For Australian sun, sunscreen is essential on exposed parts, and sometimes it is just too unpleasant to wear long pants and long shirt. Areas like face and neck, and also back of hands need sunscreen applying. If you walk anywhere along the beach, don’t forget the backs of the feet. You don’t have to have had many episodes of sunburn to the top of your foot, to realise how difficult it is then to get a shoe on. I’ve also seen some spectacular burns around the Achilles tendon when people forgot that their sunscreen only went down as far as their socks, removing their boots for the beach walk.

    Winter or summer I carry a lipstick sunscreen in my pants zip pocket, and reapply frequently. Blistex brand tastes best, some are awful. It also gets on your bite valve or bottle mouth, so pick a nice flavour.

    Vitamin D is a genuine concern. My father died of skin cancer aged 59, and my little brother got a melanoma in his 40s. I have been very careful about the sun for over 40 years, and managed to get vitamin D deficiency. But 1 tiny capsule a week is nothing compared to a blast of liquid nitrogen. For those who haven’t had the pleasure, my dermatologist said that it would feel like being hit over the head with a hammer. The initial freeze wasn’t too bad, but as it started to thaw, I knew what he meant. We’ve repeated that fun scenario twice a year, for 30 years…

    Remember that water and snow reflect UV, so take extra care with that lunch stop/swim break with ‘air-drying’ in the sun. Many sunscreens are marketed as ‘sport’ or paradoxically, ‘toddler’ and have a 4hr reapplication time. They have a higher concentration of active ingredients, with more zinc/titanium oxide in the toddler versions.

    #3740978
    Ian H
    BPL Member

    @carpus

    Marcus, sunscreen does decrease skin ageing, you’ll look younger than your walking mates who don’t wear it. But backpacking is still more sun exposure than accountancy, so you and I look more like farmers than vampires!

    #3740999
    John S.
    BPL Member

    @jshann

    Vitamin D- The reference range was set for decades and deficiency was not common. Somewhere around year 2000 some “researchers” start putting out medical reports of benefits of higher vitamin D levels (a lie). The reference range gets moved higher so more people are now told they are deficient. It took years (10-15+) before reports found no real value of higher levels. I saw it as a scam that drove up healthcare costs…end of rant.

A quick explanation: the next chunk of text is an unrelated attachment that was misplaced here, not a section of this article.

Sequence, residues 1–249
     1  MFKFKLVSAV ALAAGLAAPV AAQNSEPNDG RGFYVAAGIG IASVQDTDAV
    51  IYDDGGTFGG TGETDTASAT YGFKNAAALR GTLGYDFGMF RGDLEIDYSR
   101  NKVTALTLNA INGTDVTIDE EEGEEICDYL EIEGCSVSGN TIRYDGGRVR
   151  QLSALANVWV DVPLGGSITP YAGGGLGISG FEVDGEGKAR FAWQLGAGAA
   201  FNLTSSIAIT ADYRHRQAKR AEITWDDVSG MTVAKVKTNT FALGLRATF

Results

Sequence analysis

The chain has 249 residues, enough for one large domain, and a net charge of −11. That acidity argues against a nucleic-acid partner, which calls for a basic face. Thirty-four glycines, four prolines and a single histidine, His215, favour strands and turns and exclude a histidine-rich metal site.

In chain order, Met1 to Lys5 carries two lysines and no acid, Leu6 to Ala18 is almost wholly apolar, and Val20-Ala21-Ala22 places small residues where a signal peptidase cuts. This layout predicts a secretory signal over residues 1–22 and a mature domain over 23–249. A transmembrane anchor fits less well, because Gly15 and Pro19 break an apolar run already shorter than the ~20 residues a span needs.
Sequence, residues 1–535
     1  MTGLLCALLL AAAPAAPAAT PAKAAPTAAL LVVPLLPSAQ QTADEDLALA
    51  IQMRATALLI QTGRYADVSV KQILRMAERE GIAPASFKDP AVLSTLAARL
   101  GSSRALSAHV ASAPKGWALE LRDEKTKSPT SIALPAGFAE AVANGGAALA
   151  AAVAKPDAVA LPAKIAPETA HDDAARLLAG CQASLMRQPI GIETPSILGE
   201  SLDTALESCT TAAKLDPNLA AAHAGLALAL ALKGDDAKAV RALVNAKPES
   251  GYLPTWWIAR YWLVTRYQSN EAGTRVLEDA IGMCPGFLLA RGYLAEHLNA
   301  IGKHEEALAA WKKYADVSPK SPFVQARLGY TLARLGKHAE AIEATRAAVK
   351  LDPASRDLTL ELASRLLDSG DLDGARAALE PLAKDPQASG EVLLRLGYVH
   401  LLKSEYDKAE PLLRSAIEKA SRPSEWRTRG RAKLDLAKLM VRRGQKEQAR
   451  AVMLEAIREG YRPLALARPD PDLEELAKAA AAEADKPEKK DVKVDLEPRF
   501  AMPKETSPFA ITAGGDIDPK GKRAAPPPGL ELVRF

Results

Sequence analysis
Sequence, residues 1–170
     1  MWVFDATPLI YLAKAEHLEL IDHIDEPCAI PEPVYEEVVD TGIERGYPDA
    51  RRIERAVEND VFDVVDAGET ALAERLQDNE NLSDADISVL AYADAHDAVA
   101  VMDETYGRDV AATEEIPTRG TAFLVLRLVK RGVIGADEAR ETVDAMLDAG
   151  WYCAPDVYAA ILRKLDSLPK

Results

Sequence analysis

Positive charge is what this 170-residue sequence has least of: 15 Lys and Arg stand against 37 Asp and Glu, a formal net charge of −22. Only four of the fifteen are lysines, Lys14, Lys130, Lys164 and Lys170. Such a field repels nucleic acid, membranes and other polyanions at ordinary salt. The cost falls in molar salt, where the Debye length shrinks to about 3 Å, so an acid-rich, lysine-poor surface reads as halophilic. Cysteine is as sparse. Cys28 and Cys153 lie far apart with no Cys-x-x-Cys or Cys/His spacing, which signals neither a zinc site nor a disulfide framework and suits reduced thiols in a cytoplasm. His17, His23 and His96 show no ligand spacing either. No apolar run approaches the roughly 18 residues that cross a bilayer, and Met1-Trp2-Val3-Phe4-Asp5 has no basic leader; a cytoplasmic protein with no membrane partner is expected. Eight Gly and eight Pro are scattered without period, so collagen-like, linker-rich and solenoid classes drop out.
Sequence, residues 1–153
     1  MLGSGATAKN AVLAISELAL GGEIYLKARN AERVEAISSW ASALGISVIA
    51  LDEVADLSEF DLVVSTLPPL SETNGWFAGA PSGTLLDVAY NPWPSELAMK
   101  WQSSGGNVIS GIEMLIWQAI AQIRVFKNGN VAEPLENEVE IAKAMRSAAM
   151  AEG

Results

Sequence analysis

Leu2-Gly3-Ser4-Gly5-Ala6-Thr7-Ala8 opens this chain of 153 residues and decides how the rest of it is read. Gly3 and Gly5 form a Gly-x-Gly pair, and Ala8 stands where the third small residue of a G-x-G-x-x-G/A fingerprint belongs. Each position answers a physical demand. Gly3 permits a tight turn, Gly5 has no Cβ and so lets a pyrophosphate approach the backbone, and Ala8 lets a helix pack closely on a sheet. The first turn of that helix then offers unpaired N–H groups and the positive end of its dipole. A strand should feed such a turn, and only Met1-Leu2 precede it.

#3741026
    Jay Bruins
    BPL Member

    @mountainjay

    Does anyone have “mineral sunscreen” they actually like? (Anyone else feel like this is just rebranded sunblock?)

    I picked some up on accident at REI. Worst decision ever. At the interface with my clothes, it rubbed off and I was burned. Wading through streams 3 hours after application (way longer than recommended), the “grease” (beeswax, oil, whatever keeps the zinc oxide in suspension) created a sheen on the water. This same grease allowed dirt to cling like no other.

    After 5 days, I used my hiking shirt to scrape it off before I got in the car. I put that shirt through the laundry at least times before I gave up, permanently ruined.

    I’m glad this article made it clear that stopping the burn (UVB) and stopping cancer (UVA) are two different goals and I’m probably slacking on the latter, but I don’t currently see options other than going back to long clothes, which have their own drawbacks.,

    #3741069
    M. C
    BPL Member

    @bluemtns

    I could not read the article but I was thinking of trying ‘Reef safe’ type sunscreens – with the hope they would be safe for river and lake life also.

    #3741895
    Ian H
    BPL Member

    @carpus

    Just returned from 3 days walking in Mont Bell Wikron ‘Parka’. It’s t-shirt material (thin polyester) with hood, long sleeves/thumbloops and full zip. Very comfortable at 11-20 degrees Centigrade, steamy weather with intermittent full sun.

    Easier than sunscreen and probably being able to intermittently open the zip (when shaded) made up for the arms being a bit warmer. And the hood pulled on at night for mosquitos/warmth.

    #3742234
    Paul S
    BPL Member

    @pula58

    SOL sun screen is my favorite.

    I was selling a used HP laser printer years ago, and the guy who bought it from me was founding this new company (“Sol”) and he gave me a sample. I have been using it ever since.

    #3742976
    Indrit S
    BPL Member

    @grivola79

    I was hoping for some advice how to avoid having your eyes burn while at the same time apply sunscreen (not cloth / hat which is hot) above eye level…

    #3742993
    Arthur
    BPL Member

    @art-r

    I have been using Z Blok sunscreen for years.  Very little eye irritation on application or from perspiration. Zinc, but it rubs in and leaves very little white skin.

     

    #3743444
    Paul S
    BPL Member

    @pula58

    Indrit, the SOL sunscreen does not bother eyes at all. When the companies founder showed me the sunscreen, he purposely put it right into his eye to demonstrate. No sting.

     

    #3744207
    Bill K
    BPL Member

    @offtraildog

    For me, it is important to buy a sunscreen I want to use (smell, ease of application, etc).  Like others, have had slices of my face/head removed of pre-cancerous stuff. Not happy with the application or look of the mineral-based formulas. I am fine using non-mineral sunscreens even with the uncertainty of risk of some of the ingredients.  Never heard of anybody dying from too much sunscreen but have lost some friends to skin cancer at early ages. I also started to wear more sun-appropriate clothing to minimize the amount of sunscreen I need to use. Just ordered my summer allotment from Walmart based on the latest consumer reports … Equate Ultra lotion (every day face usage) and Australian Gold Spray (when I just wear swimtrunks river/lake kayaking )